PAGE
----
How does hair discrimination put Black women at risk of developing alopecia?
Alopecia can be a negative result of Black women overmanipulating their hair in an effort to retain or get corporate job opportunities.
Hair length and texture are markers of femininity in Western culture, with women with more feminine Eurocentric hairstyles—long and straight hair—being deemed more professional and more likely to succeed in corporate America.
“As Black women, we have a much harder time achieving what’s considered feminine on top of the fact that Black women are already considered to be less feminine than other ethnic groups,” Aguh says. “And so hairstyles play a big role and that’s one of the reasons that we see a heavy reliance on the use of extensions and weaves to help achieve this femininity if we can’t do it ourselves. It ends up being a big distinguishing factor socially for a lot of women in a way that it wouldn’t be for Caucasian women. It’s been used as social capital in a way that can be very harmful, I think, for our community.”
According to a 2019 study conducted by the JOY Collective, 80% of Black women said they believed they had to alter their natural hair to gain acceptance in the office.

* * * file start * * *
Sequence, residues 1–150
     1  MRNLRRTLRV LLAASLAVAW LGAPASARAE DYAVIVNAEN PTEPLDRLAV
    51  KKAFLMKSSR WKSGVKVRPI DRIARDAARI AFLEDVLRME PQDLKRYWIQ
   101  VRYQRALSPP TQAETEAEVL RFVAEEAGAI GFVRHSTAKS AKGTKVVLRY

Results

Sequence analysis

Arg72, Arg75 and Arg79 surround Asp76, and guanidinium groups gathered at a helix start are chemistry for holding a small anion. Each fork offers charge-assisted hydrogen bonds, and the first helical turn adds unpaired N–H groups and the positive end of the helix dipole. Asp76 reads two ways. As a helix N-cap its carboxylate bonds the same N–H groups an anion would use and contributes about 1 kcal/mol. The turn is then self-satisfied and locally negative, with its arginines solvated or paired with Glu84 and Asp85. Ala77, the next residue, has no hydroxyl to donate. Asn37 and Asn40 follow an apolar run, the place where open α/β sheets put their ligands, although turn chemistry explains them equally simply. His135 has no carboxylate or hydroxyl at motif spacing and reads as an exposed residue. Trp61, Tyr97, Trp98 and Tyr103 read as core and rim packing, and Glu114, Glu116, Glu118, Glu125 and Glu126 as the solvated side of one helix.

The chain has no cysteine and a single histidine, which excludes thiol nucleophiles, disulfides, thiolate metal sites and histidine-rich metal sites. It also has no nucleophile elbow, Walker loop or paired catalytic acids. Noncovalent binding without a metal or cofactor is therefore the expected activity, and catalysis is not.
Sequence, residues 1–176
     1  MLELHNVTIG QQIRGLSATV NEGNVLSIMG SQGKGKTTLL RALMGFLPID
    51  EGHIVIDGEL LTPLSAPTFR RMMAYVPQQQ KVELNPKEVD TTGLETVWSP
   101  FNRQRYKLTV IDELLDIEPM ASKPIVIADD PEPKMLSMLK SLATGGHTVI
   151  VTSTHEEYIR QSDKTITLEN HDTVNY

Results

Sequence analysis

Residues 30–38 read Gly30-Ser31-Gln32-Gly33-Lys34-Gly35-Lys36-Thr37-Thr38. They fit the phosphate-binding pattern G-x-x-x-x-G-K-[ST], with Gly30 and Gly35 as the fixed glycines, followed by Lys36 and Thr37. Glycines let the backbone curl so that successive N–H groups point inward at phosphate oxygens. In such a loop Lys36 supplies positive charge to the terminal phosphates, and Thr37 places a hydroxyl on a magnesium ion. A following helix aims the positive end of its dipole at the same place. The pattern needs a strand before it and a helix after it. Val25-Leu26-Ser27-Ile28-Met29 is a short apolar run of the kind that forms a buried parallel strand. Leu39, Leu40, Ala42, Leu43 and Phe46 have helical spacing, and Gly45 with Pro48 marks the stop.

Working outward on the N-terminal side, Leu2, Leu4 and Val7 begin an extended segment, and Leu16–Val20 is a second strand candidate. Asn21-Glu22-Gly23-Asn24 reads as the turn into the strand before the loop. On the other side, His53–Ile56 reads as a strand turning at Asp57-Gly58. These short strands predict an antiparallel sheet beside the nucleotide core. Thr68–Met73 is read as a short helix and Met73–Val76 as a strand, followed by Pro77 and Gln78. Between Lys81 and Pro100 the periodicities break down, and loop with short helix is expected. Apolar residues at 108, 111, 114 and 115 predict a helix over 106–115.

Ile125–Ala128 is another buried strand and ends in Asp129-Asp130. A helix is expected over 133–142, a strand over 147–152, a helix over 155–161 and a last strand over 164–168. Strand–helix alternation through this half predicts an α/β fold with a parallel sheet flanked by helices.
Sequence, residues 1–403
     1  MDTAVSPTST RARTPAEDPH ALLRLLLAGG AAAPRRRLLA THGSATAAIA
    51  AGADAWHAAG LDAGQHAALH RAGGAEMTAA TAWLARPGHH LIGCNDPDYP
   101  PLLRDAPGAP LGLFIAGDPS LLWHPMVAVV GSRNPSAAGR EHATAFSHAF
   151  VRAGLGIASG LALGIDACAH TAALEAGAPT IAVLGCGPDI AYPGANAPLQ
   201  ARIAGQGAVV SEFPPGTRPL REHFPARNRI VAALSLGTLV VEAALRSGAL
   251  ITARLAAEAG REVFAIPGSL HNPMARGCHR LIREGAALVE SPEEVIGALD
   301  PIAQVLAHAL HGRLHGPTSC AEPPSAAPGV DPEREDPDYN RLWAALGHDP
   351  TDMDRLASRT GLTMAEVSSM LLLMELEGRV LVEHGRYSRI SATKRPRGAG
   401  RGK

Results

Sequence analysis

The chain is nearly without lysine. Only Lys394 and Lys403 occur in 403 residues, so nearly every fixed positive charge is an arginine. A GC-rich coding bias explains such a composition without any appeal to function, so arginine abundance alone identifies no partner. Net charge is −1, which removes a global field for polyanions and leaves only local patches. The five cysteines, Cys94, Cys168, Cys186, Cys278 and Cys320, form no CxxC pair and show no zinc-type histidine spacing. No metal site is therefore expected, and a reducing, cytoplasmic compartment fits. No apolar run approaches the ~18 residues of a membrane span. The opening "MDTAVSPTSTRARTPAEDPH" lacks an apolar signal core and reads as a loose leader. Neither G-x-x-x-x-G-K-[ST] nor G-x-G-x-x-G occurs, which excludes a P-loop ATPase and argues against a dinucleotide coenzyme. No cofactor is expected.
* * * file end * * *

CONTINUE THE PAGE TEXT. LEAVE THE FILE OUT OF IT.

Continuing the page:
“Every day, Black folks suffering from alopecia and baldness are being robbed of employment opportunities, education, and dignity because employers and institutions can cloak their racism in dress code policies and vague concepts like ‘professionalism’ that were designed to shut us out,” says Arisha Hatch, vice president and chief of campaigns at Color Of Change.
As a result of “occupational traumatic hairstyling,” and attempting to fit into Eurocentric beauty standards, Black women can permanently damage their hair and scalp and end up with hair loss conditions like alopecia, as well as accompanying psychiatric conditions like depression and anxiety.
What should we do about it?
Hair is an important identity marker in the Black community with numerous studies showing the correlation between healthy self esteem in Black girls and women and positive self-perceptions of their hair. The idea that personal style and grooming choices have negative educational and employment consequences for Black people in ways that are not consistent for white individuals is the driving force behind The CROWN Act, which bans hair discrimination.
“Everyday in this country, Black people are policed, humiliated, and suspended because employers and peers want to control our expression with discriminatory codes designed to negate who we are,” Hatch says.
In her opinion, there is only one thing to do—pass the CROWN ACT and ban hair discrimination once and for all.
“Discrimination is no joking matter,” Hatch told Fortune. “Ridding our schools, workplaces, and communities of hostile hairstyle discrimination and respecting the diversity of Black women will not only ensure greater equity for Black people, but will create a world in which Black women can be themselves without fear of repercussion.”